By R Carter
In Part 2 of this series I looked at Box 32 Part 1, where certifiers fill in the causes of death on a death certificate. And I looked at the basic rules they follow to ensure that one cause has a medical link to a preceding. More importantly I looked at how the entire chain is needed to have an accurate context for a cause of the death. As key requirements they have a bearing on how data is collected when compiling statistics. Finally we established how taking a single data point out of context, leads to inflating estimates on the cause of death.
This is an important concept, as the data has one meaning to doctors and researchers but as used, leads to misunderstanding and confusion by the general population.
|A Doctor’s Judgement|
Part 3 of this series is subdivided but all parts come under the heading of “Weaponizing the Data”. I’ll look at the how, what, when and where for data used in compiling statistics. It’s not an exhaustive effort nor a comprehensive one, the subject is too large for a single researcher. But, I’m not the only one asking these questions. As I discover others sources I’ll post links.
Let’s say a patient is a chronic pain patient of 14 years taking opioids without incident or complications and he has developed liver cancer. The patient eventually slips into a coma and dies. Under current definitions, the patient could be counted as an opiate related death. But in practice opiates played little and likely no part in the death.
As is often the case, cancer patients are given opiates in high doses during the final stages of cancer to alleviate suffering. But even this wouldn’t constitute a cause of death. If it did, then under that logic we would also have to include chemotherapy as a cause, knowing that these classes of drugs are far more toxic than opiates.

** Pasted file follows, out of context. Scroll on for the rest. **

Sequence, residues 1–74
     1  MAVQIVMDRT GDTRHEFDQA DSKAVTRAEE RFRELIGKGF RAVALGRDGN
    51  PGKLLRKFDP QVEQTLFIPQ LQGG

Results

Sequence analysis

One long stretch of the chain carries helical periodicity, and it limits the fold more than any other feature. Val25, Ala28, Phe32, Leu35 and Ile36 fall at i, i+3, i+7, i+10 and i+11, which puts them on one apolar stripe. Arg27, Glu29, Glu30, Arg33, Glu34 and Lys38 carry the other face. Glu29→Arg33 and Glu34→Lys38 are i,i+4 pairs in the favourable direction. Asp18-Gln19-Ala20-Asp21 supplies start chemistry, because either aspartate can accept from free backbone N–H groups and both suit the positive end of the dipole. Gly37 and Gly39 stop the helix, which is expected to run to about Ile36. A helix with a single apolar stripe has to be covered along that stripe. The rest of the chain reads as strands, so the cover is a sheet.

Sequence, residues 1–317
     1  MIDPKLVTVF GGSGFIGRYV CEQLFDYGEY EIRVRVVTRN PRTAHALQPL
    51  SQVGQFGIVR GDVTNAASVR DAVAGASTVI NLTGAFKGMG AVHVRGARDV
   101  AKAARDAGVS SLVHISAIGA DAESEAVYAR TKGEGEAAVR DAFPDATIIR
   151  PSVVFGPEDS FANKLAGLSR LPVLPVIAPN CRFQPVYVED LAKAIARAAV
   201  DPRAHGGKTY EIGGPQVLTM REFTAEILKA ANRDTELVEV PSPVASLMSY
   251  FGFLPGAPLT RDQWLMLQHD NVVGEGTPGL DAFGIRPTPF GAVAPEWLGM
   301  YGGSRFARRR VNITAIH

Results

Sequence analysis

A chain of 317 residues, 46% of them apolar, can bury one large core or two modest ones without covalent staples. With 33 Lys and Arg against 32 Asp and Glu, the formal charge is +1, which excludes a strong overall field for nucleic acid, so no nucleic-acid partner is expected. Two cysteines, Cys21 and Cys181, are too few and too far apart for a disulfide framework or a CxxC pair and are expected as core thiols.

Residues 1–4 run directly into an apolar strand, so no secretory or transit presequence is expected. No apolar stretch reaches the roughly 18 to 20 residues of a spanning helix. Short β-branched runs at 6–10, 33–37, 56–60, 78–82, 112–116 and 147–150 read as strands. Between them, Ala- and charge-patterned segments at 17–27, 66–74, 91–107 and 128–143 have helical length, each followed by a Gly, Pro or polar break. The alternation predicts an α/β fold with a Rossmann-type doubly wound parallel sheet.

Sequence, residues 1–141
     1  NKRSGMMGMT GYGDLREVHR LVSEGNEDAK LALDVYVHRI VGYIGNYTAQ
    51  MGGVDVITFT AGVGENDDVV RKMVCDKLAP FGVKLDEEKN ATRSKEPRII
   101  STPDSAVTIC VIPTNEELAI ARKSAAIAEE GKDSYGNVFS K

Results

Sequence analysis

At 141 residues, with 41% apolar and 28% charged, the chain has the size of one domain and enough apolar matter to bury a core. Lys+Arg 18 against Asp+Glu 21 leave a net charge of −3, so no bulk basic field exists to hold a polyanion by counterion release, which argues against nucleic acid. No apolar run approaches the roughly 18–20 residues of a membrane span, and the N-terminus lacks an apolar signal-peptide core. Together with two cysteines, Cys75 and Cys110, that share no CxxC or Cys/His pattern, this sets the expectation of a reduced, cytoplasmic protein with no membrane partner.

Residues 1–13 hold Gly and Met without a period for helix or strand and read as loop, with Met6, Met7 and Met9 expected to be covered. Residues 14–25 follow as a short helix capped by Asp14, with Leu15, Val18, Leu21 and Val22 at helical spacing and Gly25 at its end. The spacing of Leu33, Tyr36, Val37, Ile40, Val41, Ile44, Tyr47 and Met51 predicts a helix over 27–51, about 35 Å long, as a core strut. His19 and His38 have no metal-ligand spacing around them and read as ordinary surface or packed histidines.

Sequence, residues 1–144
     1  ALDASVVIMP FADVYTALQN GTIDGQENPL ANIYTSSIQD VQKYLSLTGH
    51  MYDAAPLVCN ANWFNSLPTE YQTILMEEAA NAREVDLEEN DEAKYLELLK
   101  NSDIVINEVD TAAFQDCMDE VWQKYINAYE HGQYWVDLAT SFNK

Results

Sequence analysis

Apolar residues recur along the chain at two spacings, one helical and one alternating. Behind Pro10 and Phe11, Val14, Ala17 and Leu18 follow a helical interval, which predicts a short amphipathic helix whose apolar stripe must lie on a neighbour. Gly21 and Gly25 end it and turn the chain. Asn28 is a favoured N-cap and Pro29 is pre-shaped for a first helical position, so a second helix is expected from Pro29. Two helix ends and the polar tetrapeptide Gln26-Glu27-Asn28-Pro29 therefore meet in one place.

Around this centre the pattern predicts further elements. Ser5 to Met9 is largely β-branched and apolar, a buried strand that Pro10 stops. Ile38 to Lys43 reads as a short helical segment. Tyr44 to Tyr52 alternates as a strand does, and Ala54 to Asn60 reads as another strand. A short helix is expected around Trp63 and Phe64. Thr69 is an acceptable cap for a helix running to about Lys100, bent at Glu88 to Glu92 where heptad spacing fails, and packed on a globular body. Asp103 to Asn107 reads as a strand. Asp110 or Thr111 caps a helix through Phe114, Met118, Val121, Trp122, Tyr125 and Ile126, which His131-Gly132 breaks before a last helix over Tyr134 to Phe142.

It’s these types of fine distinctions which are often exploited by those reporting on opiate overdose deaths. Another example would be comparing opiate overdose deaths with auto accident deaths. While an interesting comparison it has no real meaning as driving an automobile is not a disease, where as addiction is. Nor is treating a pain condition with opiates in anyway related to automobile deaths. To connect the two, would require first proving the individual was impaired, a very difficult claim to make as opiates do not produce the same level or type of mental impairment as do things such as alcohol or sedatives.
The science of pharmacologically induced mental impairment is complicated and requires a medical background. It’s also highly dependent on many factors, age, body mass, dosage amount, other comorbid conditions. And for this reason, when opiates are singled out as a cause, those reporting such statistics are in fact taking a very liberal position, sometimes fabricating evidence to support an ideological point of view.
These facts should be taken into account before blindly accepting as fact some headlines and statements made.
|Where Judgement Presents an Opportunity|
Whether or not this person is counted as an opiate death depends on three things.